The dolphin continues to capture the imagination of investigators because of its ability to echolocate. Echolocation is essentially a special extension and adaptation of the dolphin's hearing system, coupled with the animal's ability to generate special sounds. Humans have demonstrated the ability to judge room size based on reverberation from a voice, and some of the visually challenged use self-generated sounds to detect large reflective objects. Echolocation represents a highly refined acoustic ability on a broad acoustic sensory continuum. Research on the auditory and echolocation performance of cetaceans has moved forward slowly due to limited animal resources and the general high cost of maintaining these animals in a laboratory environment.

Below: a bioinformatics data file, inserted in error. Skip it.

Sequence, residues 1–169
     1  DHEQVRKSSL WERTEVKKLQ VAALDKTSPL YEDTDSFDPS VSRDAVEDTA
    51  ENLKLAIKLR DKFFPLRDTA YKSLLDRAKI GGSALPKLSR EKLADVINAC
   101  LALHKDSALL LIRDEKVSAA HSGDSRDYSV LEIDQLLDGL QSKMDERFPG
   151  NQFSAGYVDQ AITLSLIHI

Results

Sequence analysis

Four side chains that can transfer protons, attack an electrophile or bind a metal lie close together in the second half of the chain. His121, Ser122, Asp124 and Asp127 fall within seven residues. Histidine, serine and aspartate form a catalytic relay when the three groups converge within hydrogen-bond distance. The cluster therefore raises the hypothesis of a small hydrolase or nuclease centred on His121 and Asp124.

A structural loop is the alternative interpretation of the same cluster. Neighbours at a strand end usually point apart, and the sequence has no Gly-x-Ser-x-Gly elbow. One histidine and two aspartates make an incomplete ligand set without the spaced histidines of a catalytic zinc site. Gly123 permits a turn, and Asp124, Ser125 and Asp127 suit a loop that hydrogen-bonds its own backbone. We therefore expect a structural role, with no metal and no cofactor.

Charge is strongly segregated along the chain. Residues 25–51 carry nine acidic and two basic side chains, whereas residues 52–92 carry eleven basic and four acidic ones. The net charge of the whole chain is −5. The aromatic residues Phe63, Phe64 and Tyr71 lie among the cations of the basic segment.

This paper reviews some of the more relevant psychoacoustic data on cetaceans, and concentrates on the bottlenose dolphin Tursiops truncatus. The information presented is not at all exhaustive. Early work with dolphins focused mainly on the animal's ability to use its echolocation system. Once echolocation capability was demonstrated using a blindfolded dolphin, the quest to understand dolphin sonar moved from qualifying the dolphin's echolocation skill to quantifying its basic capabilities.
Psychophysics, and more precisely psychoacoustics, provides the tools to study dolphin echolocation. The procedures, theories and even the apparatuses from the traditional psychoacoustics laboratory are adapted to the dolphin experimental setting to measure and analyze the sensory phenomenon of dolphin echolocation. Basic auditory phenomena such as the audiogram, the effects of masking, critical ratio and critical band, and interaural time and intensity discrimination capabilities have been explored in the dolphin. Additionally, special experiments investigating the psychoacoustics of the echolocation system in particular have been conducted.